After a two-year stalemate, Congress passed bipartisan legislation to protect patients from unexpected out-of-network (OON) “surprise” medical bills as part of a year-end legislative package. Advocacy efforts by the American College of Allergy, Asthma and Immunology’s (ACAAI) Advocacy Council, and other provider organizations, successfully secured important improvements to the legislation before it was passed by Congress. The bill’s direct impact on allergy practices is limited but it could have been much worse.
Protecting patients from surprise bills was one of the few health policy issues that had broad bipartisan support. However, disagreements between influential Congressional Committees over the fine details of the bill prevented Congress from taking swift action.
As the year-end legislative package began to take shape, these Congressional Committees reached a compromise, thus ending the impasse. They introduced the No Surprises Act on December 11, with the goal of including it in the year-end package. By Dec. 24, the bill was passed by Congress and signed into law by President Trump.
Of particular note, the original version of the No Surprises Act included a patient billing provision that laid out a schedule of claim filing requirements that was far more aggressive than what Medicare and commercial payers require. These timelines would have caused significant administrative and financial burdens on all practices.
In the original version, providers would have had 30 days from the date of visit to submit a claim to the patient’s health plan. The health plan would then have 30 days to return an adjudicated claim. Finally, providers would then have 30 days to submit a final bill to the patient. Under the provision, patients would not have to pay medical bills they received after 90 days.
ACAAI’s Advocacy Council, and other provider organizations, successfully lobbied Congress to remove the entire timely patient billing provision from the final version of the bill.
The College supported the bill’s provisions that protect patients from receiving high out-ot-network (OON) bills in these scenarios. Specifically, patients are limited to paying their in-network cost-sharing amount and cannot be balance billed beyond that amount.
The patient protections for surprise medical bills are specific to scenarios that occur in hospitals, ambulatory surgical centers (ASC), critical access hospitals (CAH), and freestanding emergency departments. The purpose of the bill is to protect patients from OON bills for which they have little or no control, such as emergency scenarios or the radiologist who interprets their image during a hospital stay. For services that occur in the physician office setting, patients are more empowered to choose to avoid or see an OON provider. The bill also protects patients from OON bills caused by inaccurate provider directories.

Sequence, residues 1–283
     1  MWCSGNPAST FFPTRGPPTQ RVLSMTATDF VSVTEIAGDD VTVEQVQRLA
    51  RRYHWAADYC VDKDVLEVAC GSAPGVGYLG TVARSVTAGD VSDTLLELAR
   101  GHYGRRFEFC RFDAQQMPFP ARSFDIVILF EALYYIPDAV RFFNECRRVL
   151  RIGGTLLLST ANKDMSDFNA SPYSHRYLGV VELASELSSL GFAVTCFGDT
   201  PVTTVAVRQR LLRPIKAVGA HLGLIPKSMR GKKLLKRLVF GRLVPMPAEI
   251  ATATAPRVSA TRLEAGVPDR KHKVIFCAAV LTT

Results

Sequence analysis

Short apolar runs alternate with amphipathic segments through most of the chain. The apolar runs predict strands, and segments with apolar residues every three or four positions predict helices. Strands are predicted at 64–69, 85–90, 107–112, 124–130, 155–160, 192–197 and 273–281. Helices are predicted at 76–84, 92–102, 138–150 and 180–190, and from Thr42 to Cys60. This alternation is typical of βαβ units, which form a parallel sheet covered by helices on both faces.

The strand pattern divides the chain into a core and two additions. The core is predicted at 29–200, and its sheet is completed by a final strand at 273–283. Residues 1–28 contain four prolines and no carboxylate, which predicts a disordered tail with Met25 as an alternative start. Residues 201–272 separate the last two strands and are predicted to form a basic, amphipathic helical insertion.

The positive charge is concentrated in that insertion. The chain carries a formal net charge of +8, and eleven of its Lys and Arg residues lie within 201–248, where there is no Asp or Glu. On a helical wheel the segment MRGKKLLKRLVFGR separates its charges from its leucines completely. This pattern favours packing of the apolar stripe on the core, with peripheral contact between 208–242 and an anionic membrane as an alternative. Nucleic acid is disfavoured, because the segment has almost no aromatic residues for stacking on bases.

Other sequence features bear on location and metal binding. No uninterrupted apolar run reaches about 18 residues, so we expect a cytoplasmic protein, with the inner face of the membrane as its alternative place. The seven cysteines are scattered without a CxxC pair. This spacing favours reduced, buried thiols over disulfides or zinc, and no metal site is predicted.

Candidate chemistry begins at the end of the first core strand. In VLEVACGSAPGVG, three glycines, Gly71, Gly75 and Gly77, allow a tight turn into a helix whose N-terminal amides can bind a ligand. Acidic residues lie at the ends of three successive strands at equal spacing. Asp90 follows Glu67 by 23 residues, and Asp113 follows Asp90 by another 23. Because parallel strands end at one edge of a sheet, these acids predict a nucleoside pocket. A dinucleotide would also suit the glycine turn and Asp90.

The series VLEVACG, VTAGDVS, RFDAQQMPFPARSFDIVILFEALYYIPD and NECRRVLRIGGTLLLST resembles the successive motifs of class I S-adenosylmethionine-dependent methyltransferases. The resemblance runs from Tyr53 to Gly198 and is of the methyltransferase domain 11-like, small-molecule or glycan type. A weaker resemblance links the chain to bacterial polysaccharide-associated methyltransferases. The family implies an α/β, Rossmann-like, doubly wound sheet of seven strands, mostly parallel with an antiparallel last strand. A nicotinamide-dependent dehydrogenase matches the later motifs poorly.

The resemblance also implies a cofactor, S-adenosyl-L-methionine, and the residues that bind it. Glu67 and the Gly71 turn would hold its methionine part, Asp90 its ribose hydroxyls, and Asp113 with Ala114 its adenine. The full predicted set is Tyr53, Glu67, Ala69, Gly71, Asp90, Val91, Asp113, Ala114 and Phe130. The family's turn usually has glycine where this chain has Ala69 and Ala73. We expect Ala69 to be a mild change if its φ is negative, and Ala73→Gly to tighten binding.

The bill gives the Secretary of Health and Human Services (HHS) the authority to expand the types of facilities to which the protections apply. While the surprise billing protections do not currently apply to OON scenarios at physician practices, they could be expanded to the physician office setting in the future. For this reason, it is important for ACAAI’s Advocacy Council to advocate on the provisions related to the surprise medical bill protections.
The College recommended changes to the process the bill creates to resolve reimbursement disputes between the patient’s health plan and the OON provider that arise from surprise billing scenarios. Specifically, the bill relies on an independent dispute resolution (IDR) arbitration process to settle reimbursement disputes if the health plan and the provider cannot agree on a reimbursement rate. Under the IDR process, each party submits an offer to the arbiter, who will choose one of the two submissions as the reimbursement rate. The arbiter’s decision will be final and cannot be appealed.
The original version of the No Surprises Act would have allowed health plans to submit government payer rates (e.g., Medicare or Medicaid) – which are often well below in-network commercial payer rates – to the arbiter. ACAAI’s Advocacy Council and other provider organizations successfully advocated for Congress to prohibit health plans from submitting government payer rates to the arbiter.
The No Surprises Act takes effect on January 1, 2022, in order to allow HHS the time it needs to issue regulations that will implement key details of this legislation. ACAAI’s Advocacy Council will respond to any HHS provisions that would adversely impact allergists.
The No Surprises Act fails to adequately address many of the reasons why OON scenarios occur in the first place. Overly narrow health insurance networks are one of the most egregious reasons why providers may be out-of-network. Health plans either do not accept new providers into their small networks or they offer unreasonable terms for network participation, which discourage providers from participating. Patients can also experience an unexpected out-of-network bill if health plans deny coverage for a service.
ACAAI’s Advocacy Council will continue to advocate for policies that make health insurance more accessible to patients including how health plans can better protect patients from OON scenarios. ACAAI’s Advocacy Council – we have you covered.